Mumps outbreak at high school after Independence Day party — report

Mumps outbreak at high school after Independence Day party — report

12th graders thought to have contracted disease after sharing cups at event; teens suffered only minor symptoms due to inoculation; Health Ministry issues Tel Aviv measles warning

File: Illustrative photo of a vaccination. (Miriam Alster/Flash90)
File: Illustrative photo of a vaccination. (Miriam Alster/Flash90)

The Health Ministry said there was an outbreak of mumps among students at a high school in the center of the country, even though they had all received the standard vaccination shots against the virus when they were younger, Channel 12 news reported Tuesday.

Up to 20 students in the 12th grade at Maccabim Reut high school caught mumps after apparently sharing drinking cups at an Independence Day party earlier this month, the ministry said.

However, they suffered minor symptoms and none were hospitalized, the TV report noted, assessing that because the mumps vaccination is only 90% successful there is always a possibility some of those vaccinated may catch it.

The ministry announced a vaccination program will take place at the school on Wednesday.

Meanwhile, the local Ramle Health Bureau is continuing its epidemiological investigations, which will determine its recommendations on contact with those infected who are not from the school, the Health Ministry said.

The mumps virus causes swelling of the parotid glands, the salivary glands under the ears, along with other symptoms like fever, sore throat and headaches.

Also on Tuesday, the Health Ministry issued a measles alert for several locations in Tel Aviv, where there is suspicion that people infected with the virus were present over the weekend.

The ministry warned that anyone who was present at a number of specific Tel Aviv venues at certain times on May 25-24, and had not been vaccinated against measles, should immediately go to the nearest Health Ministry bureau or contact the ministry on *5400 to find out if they need medical attention.

Times and locations listed in the statement:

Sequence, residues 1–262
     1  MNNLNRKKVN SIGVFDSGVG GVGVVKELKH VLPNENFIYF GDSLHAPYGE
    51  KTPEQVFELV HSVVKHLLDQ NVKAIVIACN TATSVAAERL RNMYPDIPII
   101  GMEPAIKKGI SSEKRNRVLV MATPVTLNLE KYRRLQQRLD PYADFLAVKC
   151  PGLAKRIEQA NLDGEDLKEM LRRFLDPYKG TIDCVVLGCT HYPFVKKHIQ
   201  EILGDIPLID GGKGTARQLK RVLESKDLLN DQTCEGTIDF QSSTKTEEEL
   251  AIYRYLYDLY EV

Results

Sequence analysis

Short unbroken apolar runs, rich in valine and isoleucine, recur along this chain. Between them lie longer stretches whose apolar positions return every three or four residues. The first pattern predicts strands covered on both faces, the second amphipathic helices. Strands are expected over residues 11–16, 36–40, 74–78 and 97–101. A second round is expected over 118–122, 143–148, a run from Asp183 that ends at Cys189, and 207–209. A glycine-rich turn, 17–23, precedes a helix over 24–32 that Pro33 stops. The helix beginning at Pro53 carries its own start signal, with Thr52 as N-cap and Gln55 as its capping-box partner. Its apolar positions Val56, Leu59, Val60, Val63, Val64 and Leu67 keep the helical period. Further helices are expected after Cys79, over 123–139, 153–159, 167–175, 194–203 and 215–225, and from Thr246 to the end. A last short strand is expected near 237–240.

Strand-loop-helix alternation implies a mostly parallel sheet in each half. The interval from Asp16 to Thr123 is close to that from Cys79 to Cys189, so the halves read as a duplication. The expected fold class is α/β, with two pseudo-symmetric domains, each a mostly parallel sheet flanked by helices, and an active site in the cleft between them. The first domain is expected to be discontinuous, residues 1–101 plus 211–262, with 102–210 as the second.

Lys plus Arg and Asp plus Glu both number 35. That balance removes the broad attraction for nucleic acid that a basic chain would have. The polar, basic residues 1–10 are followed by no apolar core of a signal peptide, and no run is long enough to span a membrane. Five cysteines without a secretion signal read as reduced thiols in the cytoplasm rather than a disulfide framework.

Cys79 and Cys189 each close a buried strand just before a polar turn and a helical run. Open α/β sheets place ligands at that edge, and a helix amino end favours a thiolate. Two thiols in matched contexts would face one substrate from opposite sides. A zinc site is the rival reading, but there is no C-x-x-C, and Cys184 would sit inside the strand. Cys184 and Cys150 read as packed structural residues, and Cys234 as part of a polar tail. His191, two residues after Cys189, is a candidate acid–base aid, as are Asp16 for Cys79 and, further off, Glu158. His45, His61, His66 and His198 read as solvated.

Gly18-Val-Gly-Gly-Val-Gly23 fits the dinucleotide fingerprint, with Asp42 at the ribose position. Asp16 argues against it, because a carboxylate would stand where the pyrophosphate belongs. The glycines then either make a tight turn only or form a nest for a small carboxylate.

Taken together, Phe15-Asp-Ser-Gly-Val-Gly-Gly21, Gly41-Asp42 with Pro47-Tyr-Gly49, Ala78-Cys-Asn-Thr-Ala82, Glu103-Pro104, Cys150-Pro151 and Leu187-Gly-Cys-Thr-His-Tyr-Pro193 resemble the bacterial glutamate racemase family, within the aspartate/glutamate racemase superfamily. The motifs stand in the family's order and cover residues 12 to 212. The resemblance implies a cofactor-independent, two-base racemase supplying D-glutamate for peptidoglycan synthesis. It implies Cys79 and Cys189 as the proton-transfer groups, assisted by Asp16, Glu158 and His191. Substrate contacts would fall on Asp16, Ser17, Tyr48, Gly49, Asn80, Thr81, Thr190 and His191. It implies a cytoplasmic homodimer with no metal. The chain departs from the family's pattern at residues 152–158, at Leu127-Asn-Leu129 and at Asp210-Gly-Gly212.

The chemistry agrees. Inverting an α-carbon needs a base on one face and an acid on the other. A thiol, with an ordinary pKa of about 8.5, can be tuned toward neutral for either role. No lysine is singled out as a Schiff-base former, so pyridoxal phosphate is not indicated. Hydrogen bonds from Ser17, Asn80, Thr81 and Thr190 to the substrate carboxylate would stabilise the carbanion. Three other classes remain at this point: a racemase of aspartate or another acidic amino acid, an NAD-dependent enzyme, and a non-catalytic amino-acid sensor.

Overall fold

May 24, 2:30 p.m.-7:30 p.m. in the lobby of the Cinema Hotel, Zamenhof Street.

May 24, 5:30 p.m.-9 p.m. in the Dalida restaurant on Zevulun Street.

May 24, 7:30 p.m.-midnight at the Tel Aviv Cinematheque, at the Docaviv International Documentary Film Festival.

May 25, 6 p.m.-11 p.m. at the Tel Aviv Cinematheque, in the lobby and Theater 1, as well as the Joya restaurant inside the complex.

The ministry said that anyone who was at those locations during the specified times, and is suffering from cough, runny nose, eye inflammation and/or rash, should avoid public spaces — including work — to prevent possibly spreading the disease.

“If you are suffering from symptoms and need a medical examination, please contact a clinic or any other medical institution and make an appointment ahead of arriving or alternatively notify the staff [of your condition] immediately upon arrival at the medical institution.”

Measles is making a resurgence in Israel due primarily to parents not vaccinating their children. Up to 45,000 children, mostly from ultra-Orthodox families, are not vaccinated at all, Channel 12 news reported last month.

There were 3,600 recorded cases of measles between March 2018 and February 2019, according to the Health Ministry. Infections have mostly centered on the country’s ultra-Orthodox community.

In November, a toddler in Jerusalem died of the disease, the first recorded death from measles in Israel in the past 15 years. A month later, an 82-year-old woman became the second fatality.

In New York, too, officials are struggling to contain a swelling number of measles cases centered in ultra-Orthodox Jewish neighborhoods while battling lawsuits over their efforts to require vaccinations.

US health officials have confirmed 329 cases of measles in New York City and 184 cases in nearby Rockland County since the outbreak began in October.

The measles cases in Rockland and in Brooklyn have been traced to unvaccinated members of the ultra-Orthodox Jewish community who traveled to Israel. Orthodox Jewish leaders say a small faction of vaccine opponents in the community has allowed the disease to spread.

AP contributed to this report.

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